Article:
Fisher S, 1975, "The microstructure of dual task interaction. 2. The effect of task instructions on attentional allocation and a model of attention-switching" Perception 4(4) 459 – 474
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The microstructure of dual task interaction. 2. The effect of task instructions on attentional allocation and a model of attention-switching
Received 12 February 1975
Abstract. As an extension of an experimental design reported previously the microstructure of dual task interaction was investigated in a condition in which task instructions favoured the task which had previously been designated the secondary task.
In the situation explored in this paper subjects worked on the five-choice serial reaction task (designated secondary task) whilst at the same time they received single auditory digits at random time intervals, performed a transform operation (adding seven), and called the answer out into a voice key.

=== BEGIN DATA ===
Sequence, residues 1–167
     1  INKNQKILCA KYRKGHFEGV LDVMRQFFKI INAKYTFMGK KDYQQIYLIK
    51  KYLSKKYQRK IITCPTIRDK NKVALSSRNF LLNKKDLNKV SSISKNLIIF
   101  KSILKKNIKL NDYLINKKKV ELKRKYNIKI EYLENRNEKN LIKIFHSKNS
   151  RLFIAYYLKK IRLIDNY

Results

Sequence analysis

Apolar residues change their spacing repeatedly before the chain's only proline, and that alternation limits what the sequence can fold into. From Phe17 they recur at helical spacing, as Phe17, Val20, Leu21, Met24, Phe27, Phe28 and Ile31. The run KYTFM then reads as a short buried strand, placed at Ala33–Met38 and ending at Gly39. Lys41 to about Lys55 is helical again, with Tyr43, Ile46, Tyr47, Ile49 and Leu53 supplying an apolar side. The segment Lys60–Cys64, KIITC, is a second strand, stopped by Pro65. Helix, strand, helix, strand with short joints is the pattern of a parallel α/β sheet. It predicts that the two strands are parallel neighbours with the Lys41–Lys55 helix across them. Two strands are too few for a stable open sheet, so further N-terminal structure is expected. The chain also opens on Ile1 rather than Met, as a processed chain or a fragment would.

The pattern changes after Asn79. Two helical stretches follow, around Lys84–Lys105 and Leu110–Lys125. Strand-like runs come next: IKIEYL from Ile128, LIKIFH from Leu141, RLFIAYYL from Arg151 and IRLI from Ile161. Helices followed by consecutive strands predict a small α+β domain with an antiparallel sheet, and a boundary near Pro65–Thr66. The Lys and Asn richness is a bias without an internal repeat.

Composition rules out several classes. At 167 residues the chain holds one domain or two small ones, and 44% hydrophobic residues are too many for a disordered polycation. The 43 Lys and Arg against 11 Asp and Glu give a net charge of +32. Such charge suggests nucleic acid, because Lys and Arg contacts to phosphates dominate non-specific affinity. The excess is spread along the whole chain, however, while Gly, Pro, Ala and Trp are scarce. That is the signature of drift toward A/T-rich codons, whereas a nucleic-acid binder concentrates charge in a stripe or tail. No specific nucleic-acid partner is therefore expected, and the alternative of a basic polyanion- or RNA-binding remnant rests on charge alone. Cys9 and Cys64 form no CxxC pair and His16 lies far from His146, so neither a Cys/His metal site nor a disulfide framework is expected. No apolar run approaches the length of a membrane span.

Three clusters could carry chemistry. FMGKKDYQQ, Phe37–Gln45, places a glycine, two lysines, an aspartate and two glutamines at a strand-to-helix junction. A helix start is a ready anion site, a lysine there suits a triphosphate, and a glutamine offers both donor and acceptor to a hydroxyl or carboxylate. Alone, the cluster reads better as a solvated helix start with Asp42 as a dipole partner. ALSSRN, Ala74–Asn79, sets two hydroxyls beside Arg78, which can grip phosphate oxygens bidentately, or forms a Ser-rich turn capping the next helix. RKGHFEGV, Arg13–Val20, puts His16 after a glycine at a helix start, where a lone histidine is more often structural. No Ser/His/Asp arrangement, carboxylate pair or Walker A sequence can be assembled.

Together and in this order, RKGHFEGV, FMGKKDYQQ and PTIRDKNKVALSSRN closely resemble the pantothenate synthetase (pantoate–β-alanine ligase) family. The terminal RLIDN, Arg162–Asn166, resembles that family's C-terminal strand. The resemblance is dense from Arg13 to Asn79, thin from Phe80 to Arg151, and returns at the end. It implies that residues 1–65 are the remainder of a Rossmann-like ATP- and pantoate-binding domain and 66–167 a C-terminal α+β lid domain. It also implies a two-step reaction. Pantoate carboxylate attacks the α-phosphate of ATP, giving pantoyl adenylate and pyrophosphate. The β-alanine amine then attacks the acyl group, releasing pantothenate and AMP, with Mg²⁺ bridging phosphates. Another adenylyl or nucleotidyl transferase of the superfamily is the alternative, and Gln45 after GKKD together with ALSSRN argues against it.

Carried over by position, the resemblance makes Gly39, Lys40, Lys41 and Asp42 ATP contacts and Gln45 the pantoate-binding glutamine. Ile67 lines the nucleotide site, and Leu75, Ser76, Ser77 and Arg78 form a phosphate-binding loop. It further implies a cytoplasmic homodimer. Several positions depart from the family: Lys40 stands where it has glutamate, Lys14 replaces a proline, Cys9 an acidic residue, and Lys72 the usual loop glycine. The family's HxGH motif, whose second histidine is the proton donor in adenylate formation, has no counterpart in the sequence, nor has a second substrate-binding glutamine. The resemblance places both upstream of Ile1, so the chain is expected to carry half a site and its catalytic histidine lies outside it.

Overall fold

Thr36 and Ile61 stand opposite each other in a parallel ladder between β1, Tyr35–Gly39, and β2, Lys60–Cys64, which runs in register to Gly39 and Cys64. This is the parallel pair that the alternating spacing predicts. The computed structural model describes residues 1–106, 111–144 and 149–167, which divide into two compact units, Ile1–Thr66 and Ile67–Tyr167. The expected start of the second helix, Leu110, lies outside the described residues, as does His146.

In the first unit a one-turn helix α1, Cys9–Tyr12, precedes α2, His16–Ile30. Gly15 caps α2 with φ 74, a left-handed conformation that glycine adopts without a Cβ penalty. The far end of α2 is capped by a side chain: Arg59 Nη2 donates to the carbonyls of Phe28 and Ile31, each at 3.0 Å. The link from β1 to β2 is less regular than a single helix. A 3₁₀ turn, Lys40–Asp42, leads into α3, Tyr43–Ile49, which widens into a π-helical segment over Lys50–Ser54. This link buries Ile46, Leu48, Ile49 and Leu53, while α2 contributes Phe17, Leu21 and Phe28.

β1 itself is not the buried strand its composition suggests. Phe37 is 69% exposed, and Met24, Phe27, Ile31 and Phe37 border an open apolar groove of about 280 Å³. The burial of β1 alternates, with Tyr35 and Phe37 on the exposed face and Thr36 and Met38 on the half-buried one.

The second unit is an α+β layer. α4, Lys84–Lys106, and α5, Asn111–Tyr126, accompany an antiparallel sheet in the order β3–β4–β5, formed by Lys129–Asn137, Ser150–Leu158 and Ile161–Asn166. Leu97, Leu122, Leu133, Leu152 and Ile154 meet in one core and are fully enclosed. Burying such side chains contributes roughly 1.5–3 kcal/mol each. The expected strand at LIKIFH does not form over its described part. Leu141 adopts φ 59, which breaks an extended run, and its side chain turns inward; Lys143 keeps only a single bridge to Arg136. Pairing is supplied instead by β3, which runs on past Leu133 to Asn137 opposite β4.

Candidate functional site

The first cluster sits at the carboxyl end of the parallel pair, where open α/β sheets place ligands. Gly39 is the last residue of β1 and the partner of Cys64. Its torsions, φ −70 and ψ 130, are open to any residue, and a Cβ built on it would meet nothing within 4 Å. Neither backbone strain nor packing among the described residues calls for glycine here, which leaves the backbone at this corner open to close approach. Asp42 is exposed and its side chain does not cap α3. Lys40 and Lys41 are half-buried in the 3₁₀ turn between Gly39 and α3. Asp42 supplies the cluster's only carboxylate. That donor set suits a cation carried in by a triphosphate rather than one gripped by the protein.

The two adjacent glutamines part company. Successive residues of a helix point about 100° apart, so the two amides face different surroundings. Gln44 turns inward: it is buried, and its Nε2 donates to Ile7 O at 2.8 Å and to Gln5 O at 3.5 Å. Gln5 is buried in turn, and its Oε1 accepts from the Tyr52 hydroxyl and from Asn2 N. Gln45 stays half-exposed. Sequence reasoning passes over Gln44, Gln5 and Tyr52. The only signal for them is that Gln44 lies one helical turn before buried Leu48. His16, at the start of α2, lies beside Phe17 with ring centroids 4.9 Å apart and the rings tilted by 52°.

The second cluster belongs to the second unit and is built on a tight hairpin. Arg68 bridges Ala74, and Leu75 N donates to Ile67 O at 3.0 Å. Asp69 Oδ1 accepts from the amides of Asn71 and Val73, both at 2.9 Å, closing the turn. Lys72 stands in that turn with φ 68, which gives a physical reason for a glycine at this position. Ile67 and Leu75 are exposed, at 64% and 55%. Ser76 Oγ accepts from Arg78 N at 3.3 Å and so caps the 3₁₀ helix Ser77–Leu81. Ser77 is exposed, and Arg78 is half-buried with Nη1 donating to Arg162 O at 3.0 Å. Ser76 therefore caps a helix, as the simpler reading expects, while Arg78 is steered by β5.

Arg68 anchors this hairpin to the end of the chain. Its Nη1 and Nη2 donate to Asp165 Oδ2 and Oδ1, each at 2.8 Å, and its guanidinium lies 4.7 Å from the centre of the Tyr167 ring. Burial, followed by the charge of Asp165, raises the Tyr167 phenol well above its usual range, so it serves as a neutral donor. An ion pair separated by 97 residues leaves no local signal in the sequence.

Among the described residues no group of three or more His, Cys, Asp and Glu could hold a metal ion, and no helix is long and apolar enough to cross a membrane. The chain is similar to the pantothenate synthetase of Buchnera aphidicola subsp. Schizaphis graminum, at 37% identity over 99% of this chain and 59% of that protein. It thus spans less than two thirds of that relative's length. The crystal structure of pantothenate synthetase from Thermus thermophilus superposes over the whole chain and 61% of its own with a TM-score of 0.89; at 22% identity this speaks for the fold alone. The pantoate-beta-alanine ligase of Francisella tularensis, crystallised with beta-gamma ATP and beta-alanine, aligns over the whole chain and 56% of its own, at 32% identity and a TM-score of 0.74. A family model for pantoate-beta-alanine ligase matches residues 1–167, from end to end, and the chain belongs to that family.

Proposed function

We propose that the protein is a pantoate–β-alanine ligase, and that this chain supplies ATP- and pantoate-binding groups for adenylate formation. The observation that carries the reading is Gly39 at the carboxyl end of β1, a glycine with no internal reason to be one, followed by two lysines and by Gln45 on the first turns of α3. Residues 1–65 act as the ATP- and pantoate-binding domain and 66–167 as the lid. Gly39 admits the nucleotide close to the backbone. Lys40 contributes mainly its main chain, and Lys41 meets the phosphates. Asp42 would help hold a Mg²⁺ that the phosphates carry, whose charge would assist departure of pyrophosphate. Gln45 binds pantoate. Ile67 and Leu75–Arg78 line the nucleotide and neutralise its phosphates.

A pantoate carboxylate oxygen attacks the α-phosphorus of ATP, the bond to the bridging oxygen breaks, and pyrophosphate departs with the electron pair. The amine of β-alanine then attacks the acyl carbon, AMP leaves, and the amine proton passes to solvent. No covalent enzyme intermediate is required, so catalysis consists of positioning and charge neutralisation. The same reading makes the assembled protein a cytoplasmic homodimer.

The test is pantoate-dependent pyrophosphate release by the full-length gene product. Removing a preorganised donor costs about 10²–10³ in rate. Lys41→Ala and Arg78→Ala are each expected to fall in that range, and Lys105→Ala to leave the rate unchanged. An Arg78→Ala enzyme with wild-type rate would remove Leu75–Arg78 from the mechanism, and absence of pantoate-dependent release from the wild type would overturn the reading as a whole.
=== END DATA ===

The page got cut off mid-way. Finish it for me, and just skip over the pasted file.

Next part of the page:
The nature of the interaction was investigated using fine analysis of data, and it is argued that the results give further support to the view that subjects were processing information sequentially. A change in the patterning of serial responses in the interval defined by the digit stimulus (Ds) and the digit response (Dr) under the changed-instructions condition suggested that individuals are able to play an active role in the ordering of the attention process in sequential processing situations. 'Process theory', in which the information processing state of the main task is considered to have a direct influence on the response to the secondary task signal, is argued to be of little use in explaining the data. Two types of explanations based on criterion theory are considered -- one which involves criterion setting with respect to a direct time base and one which relies on information processing stage, as an indirect time base.
It is argued that the microstructure of dual task interaction should be investigated more closely and that the ordering of the time-sharing process is a skill.
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